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Amreica’s Enery Future: Technology and Transformation
FIGURE 2.5Estimates of the cost of conserved energy (CCE) and energy savings potential for electricity efficiency technologies in buildings in 2030. The CCEs for potentialenergy efficiency measures (numbered) are shown versus the ranges of potential energysavings for these measures. The total savings potential is 567 TWh per year in the residential sector and 705 TWh per year in the commercial sector. Commercial buildings (redsolid line) and residential buildings (blue solid line) are shown separately. For comparison, the national average 2007 retail price of electricity in the United States is shown forthe commercial sector (red dashed line) and the residential sector (blue dashed line). Formany of the technologies considered, on average the investments have positive paybackwithout additional incentives. CCEs include the costs for add-ons such as insulation. Forreplacement measures, the CCE accounts for the incremental cost—for example, betweenpurchasing a new but standard boiler and purchasing a new high-efficiency one. CCEs donot reflect the cost of programs to drive efficiency. All costs are shown in 2007 dollars.Sources: Data from Brown et al. (2008) andChapter 4inPart 2of this report.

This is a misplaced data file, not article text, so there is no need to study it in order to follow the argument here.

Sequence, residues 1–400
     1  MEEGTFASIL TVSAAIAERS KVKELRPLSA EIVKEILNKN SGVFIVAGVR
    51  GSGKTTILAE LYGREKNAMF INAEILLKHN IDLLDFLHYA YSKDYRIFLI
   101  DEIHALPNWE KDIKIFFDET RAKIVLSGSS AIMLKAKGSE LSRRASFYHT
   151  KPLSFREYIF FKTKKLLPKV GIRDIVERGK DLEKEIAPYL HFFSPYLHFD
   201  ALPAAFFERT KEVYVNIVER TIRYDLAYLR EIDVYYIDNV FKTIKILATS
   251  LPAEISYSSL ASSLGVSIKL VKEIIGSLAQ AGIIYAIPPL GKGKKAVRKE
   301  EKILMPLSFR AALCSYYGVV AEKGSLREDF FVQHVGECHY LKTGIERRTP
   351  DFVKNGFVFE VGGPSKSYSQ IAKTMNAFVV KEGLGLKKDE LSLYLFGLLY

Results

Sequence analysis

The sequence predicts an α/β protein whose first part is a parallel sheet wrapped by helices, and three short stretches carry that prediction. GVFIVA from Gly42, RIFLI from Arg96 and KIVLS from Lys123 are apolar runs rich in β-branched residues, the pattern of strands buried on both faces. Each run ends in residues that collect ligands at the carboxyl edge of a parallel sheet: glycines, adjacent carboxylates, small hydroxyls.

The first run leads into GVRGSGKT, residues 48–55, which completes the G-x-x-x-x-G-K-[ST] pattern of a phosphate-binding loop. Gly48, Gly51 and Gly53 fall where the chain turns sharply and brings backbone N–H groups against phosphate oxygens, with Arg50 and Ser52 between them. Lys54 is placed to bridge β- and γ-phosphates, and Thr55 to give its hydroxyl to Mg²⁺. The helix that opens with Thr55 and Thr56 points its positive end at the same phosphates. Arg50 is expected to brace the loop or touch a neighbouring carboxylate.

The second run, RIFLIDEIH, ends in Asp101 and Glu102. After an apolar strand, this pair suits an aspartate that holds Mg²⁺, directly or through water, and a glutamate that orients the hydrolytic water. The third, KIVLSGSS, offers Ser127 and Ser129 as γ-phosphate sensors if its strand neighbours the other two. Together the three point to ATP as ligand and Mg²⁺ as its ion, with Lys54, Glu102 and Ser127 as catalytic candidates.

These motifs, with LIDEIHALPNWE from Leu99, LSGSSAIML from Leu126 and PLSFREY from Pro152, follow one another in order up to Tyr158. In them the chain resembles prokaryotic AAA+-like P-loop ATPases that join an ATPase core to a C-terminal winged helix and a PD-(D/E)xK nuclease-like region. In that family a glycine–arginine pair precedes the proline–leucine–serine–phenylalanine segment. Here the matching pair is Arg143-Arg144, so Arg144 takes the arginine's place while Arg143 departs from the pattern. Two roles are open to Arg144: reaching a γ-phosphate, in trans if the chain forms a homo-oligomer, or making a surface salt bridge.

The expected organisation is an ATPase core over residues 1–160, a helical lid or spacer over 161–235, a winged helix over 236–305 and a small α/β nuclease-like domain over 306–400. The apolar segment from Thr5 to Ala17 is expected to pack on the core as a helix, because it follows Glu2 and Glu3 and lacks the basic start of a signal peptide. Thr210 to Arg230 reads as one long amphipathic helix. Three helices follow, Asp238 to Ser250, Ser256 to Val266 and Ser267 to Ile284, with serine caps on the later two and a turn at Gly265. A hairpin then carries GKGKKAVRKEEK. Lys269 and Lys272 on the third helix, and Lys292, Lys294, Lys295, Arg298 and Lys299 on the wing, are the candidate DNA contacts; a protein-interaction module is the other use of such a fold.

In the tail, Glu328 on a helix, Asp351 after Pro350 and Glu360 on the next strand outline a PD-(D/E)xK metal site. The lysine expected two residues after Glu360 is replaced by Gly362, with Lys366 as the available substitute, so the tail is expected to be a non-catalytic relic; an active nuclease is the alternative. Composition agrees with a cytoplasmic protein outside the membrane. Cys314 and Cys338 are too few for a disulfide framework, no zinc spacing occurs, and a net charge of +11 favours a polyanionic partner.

CCE for electricity savings from commercial and residential buildings is shown in Figure 2.5. The range of CCE for electricity savings from commercial buildings is 0.5–8.4μ/kWh, with a weighted average of 2.7¢/kWh. However, nearly all of the efficiency savings are achievable at a CCE of 5¢/kWh or less. The range of CCE for electricity savings from residential buildings is 0.9–7.4¢/kWh, with a weighted average of 2.7¢/kWh. More than 80 percent of the potential savings are achievable at a CCE of 5¢/kWh or less. For comparison purposes, the average retail price of electricity in the residential and commercial sectors in 2007 was about